We all get advice from time to time from the people we know: Colleagues, friends, relatives. (Even our children like to weigh in on what we should or shouldn't do.)
But how do we know when we've found a mentor?
Mentors are those special individuals who care about you enough to share their wisdom and guide you along your personal and professional journey.
A mentor's words carry more weight--and have an even more far-reaching impact on your life --than the stream of advice (some of it useful, some not) that you're subject to receiving each day.
Here are 7 signs that can tell you if you've found a true mentor:
1. Mentors are problem-solving partners.
Mentors are great at providing a sounding board for those knotty issues you can't seem to figure out yourself. They can ask the questions you need to ask that will help you break down a complex issue and get to the root of a problem so you can, hopefully, solve it.
Interestingly, the root of the word "mentor" -- "men" --means "to think." A mentor, therefore, is also a thinker --a highly relevant attribute for someone that is tasked with helping you to solve difficult problems.
2. Mentors give you directions -- but it's up to you to find your own way.
Mentors can be tremendously helpful in helping lay out possible options you can pursue, or the directions you might take in your career, or in life. But ultimately, the decisions are entirely up to you, and the responsibility for the consequences of those decisions lies in your hands.
The two career mentors I've known over the past decade have given me tools for thinking through and planning where I want to take my career both in the near-term and beyond. They've shared their decades of experience and wisdom, and inspired ideas and helped me set goals that I probably wouldn't have even thought of without their help.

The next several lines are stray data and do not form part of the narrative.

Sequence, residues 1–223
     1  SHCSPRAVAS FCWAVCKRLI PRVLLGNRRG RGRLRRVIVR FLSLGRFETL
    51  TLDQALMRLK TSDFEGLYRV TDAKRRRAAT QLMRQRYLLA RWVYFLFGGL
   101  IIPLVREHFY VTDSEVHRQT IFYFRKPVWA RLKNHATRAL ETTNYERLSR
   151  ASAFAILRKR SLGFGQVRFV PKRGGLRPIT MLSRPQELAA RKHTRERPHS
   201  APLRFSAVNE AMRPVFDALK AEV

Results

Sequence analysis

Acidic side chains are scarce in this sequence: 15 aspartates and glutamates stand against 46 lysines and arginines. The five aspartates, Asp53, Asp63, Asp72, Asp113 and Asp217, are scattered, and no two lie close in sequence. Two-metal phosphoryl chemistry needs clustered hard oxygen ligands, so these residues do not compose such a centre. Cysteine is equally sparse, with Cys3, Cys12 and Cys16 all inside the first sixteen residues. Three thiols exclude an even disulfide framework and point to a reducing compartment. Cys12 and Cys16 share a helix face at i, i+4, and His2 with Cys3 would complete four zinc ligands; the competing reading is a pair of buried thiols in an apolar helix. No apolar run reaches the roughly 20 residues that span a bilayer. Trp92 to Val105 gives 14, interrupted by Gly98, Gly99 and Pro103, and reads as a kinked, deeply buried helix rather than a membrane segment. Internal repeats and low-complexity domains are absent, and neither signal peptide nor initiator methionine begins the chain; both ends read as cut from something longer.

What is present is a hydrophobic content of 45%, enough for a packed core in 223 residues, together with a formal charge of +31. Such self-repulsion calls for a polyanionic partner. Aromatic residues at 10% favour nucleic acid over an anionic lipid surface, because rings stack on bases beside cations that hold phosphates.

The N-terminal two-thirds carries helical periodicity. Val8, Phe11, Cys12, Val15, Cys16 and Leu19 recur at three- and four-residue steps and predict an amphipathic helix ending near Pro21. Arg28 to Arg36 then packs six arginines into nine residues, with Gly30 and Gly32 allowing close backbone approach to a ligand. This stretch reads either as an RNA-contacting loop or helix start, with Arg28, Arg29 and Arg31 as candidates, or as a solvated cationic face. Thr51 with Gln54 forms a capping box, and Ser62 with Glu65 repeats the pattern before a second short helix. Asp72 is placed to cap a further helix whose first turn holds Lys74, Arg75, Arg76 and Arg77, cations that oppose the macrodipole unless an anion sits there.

And yet, at the end of the day, I am the one responsible for acting on their advice -- or not.
3. Mentors challenge you.
My best mentors have been the ones who have challenged me. They've pushed me to question my assumptions about my abilities and potential; urged me to set my sights on higher goals; and held me accountable for reaching them.
4. Mentors tell you the truth.
Often, the greatest gift a mentor can bestow upon you is the truth--even if it stings a little (or a lot). By telling the unvarnished truth, mentors can help you break out of self-limiting beliefs that might be hindering you from making progress toward your goals.
5. Mentors give you courage to take action.
A few thousand miles to the east of ancient Greece, the Chinese philosopher Laozi said, "a journey of a thousand miles begins with a single step." Mentors are often the ones who give you the courage to take that first step into the unknown.
6. You don't always have to agree with your mentor --nor heed their advice.
While I've listened to much wise and well-intentioned advice, the fact that I haven't always followed the (very reasonable and well-intentioned) advice given to me is a lesson in itself: That sometimes, you just need to pursue what you feel is right for you, regardless of what the "voices of reason" might tell you at the time.
7. You don't even have to know your mentor very well (or at all).
Some people whom I would consider mentors I've known only a very short time --or not at all. I consider the late author and writing teacher William Zinsser to be one of my most instrumental writing mentors-- even though I never had the chance to meet him.